An opportunity for the financial services industry to clean up its act
In no less than three places in the ‘Consumer Outcomes’ sections of the government’s response to the Financial System Inquiry document released on October 20,
In no less than three places in the ‘Consumer Outcomes’ sections of the government’s response to the Financial System Inquiry document released on October 20, stakeholders are invited for detailed consultation on the implementation of the inquiry’s recommendations regarding financial advice.
These entreaties from the government present clear opportunities for the financial services industry to take the lead and clean up its act in order to restore consumer confidence in the quality of personal financial advice in Australia.
However, in order to know where to start, the industry needs to confront the key questions that the government has opened up in each of these three instances.
First, in its response to Inquiry Recommendation 21 (Strengthen product issuer and distributor accountability), the government invites detailed consultation on the creation of “targeted and principles-based financial product design and obligation”.
This is a much bigger challenge to the industry than the few lines devoted to the response would suggest. Carried to its logical conclusion, upon implementation, this recommendation solicits a careful consideration of who owns fiduciary responsibility for product performance outcomes.
The salient questions that all interested parties need to answer during the consultation are:
What are the obligations of financial services firms? What are the obligations of product distributors? What level of sophistication exists among consumers and what does it say about the level of obligation they should carry?
The final and overarching question in this regard is how the fiduciary responsibilities should be clearly enunciated and apportioned. Should Australia move in the direction mooted by the present US government where financial advisers may end up having legally enforceable fiduciary responsibilities for their advice to consumers?
Second, with regards to Inquiry Recommendation 22, the government “agrees to provide the Australian Securities and Investments Commission (ASIC) with a financial product intervention power to enable it to modify, or if necessary, ban harmful financial products …”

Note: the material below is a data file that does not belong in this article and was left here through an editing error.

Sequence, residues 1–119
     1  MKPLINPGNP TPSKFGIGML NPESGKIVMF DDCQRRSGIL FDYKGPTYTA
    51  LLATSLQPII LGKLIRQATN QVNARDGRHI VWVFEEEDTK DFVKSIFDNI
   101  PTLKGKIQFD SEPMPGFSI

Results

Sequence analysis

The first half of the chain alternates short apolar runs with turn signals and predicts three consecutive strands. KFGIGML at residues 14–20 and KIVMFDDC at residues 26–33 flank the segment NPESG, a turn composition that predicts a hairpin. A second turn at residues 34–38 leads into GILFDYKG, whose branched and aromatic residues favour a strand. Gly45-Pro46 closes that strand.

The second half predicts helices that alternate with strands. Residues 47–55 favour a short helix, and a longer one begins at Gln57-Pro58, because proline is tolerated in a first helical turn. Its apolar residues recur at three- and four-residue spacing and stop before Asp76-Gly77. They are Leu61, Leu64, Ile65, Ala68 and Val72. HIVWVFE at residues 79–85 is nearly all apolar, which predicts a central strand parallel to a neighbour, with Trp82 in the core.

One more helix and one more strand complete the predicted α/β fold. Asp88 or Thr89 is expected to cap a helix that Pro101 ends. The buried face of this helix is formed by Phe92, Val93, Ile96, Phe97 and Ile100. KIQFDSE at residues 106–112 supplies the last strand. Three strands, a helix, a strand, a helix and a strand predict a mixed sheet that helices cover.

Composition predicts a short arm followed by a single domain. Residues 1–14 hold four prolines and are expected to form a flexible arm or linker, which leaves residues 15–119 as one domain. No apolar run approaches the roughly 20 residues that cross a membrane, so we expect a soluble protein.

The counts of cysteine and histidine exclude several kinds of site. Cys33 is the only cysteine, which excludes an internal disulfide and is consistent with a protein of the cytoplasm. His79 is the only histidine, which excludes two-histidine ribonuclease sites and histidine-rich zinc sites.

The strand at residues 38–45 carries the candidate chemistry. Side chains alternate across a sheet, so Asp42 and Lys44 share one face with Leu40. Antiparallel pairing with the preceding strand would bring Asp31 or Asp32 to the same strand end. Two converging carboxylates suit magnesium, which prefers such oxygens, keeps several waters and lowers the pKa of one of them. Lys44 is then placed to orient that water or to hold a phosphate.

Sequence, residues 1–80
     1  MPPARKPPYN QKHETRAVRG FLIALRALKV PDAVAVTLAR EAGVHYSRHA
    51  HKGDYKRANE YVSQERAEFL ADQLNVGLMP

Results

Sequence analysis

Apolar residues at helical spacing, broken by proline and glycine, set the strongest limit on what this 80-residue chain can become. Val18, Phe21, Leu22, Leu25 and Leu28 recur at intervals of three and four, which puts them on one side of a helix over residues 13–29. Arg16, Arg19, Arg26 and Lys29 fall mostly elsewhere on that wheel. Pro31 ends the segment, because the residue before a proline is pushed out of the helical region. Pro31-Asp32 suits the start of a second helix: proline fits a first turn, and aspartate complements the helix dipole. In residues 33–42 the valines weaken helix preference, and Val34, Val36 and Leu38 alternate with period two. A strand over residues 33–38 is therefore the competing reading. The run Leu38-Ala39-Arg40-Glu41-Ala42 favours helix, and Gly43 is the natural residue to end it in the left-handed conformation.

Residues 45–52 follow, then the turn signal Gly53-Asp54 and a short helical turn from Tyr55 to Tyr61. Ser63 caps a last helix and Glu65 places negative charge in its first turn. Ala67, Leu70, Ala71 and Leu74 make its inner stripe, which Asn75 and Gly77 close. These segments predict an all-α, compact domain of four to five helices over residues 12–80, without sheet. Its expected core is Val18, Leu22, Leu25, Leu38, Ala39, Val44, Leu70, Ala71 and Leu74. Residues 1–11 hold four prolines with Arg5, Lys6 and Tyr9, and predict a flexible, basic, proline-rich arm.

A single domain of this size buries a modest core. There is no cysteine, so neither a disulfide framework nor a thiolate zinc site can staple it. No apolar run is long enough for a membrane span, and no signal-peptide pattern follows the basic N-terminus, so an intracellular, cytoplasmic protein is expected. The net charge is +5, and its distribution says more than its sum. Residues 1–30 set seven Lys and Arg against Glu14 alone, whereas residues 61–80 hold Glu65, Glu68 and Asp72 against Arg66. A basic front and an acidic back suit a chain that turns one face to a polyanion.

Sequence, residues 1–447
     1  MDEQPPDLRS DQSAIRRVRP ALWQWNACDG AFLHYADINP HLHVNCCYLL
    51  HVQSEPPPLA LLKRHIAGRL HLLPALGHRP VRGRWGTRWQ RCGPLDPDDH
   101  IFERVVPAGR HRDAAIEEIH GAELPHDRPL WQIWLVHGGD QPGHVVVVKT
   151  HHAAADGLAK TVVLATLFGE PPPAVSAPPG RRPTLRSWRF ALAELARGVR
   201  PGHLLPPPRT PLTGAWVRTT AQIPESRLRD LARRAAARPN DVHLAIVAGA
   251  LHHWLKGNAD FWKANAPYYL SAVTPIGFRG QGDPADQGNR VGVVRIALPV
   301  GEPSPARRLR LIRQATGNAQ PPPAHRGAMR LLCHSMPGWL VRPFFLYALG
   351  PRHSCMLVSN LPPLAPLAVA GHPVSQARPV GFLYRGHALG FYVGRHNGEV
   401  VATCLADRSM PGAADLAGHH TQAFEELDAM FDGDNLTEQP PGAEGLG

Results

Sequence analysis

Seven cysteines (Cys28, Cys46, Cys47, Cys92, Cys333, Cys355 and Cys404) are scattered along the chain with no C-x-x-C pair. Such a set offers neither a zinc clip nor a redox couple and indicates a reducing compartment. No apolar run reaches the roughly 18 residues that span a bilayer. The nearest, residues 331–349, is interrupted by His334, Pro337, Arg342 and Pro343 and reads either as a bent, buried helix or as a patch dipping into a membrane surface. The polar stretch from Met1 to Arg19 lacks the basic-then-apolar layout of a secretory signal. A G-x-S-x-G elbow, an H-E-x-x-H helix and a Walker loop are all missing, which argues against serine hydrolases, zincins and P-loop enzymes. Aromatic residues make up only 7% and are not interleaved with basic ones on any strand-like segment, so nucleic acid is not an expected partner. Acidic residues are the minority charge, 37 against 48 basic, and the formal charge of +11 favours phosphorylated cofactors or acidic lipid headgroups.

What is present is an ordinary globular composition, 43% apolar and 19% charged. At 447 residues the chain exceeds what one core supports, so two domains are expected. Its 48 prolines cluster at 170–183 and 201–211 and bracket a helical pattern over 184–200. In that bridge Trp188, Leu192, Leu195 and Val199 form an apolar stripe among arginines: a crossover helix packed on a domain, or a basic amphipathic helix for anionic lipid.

'The Australian financial planning industry is plagued by extremely low consumer trust and frequent scandals on the part of product providers and distributors'
The critical questions that the finance industry and consumers will have to answer during the consultations promised by the government include: Are ASIC’s product interventions going to be temporary or permanent? Will ASIC’s role include or exclude pre-approval of products? Could financial advisers’ competency standards be linked to the sophistication of products? Should product bans be used as a last resort?
Third, the government undertakes to facilitate, after consultation, legislative changes to remove “regulatory impediments to innovative product disclosure” in terms of risk and fees.
My view is that leaving this important change to “industry-led initiatives” without establishing consensus of how fiduciary responsibilities are handled is futile.
It is common knowledge that the Australian financial planning industry is plagued by extremely low consumer trust and frequent scandals on the part of product providers and distributors. Rushing to be “innovative” about risk and fee disclosures before addressing the inherent conflicts that are the root cause of these ills is premature.
The government can only provide direction and some legislated protection in the interests of consumers after balancing off its interests and the legacy of the current Future of Financial Planning laws.
It is up to the industry to set a higher bar such as abolishing or discouraging its members from using remuneration models that exacerbate volume chasing induced by conflicts of interest. A case in mind is the widespread usage of percentage or asset-based fees, even among parties that claim to run fee-for-service remuneration models.
In summary, crucial parts of the government’s responses to the Financial System Inquiry’s recommendations on consumer outcomes are accompanied by open invitations for further consultation.
This presents a welcome opportunity for all parties concerned with the perilous state of the Australian personal financial advice market to revisit issues that have previously been left unresolved by legislative and other official intervention.
This opportunity should not be missed.
Jerry Parwada is an associate professor and head of the school of banking and finance at UNSW Business School.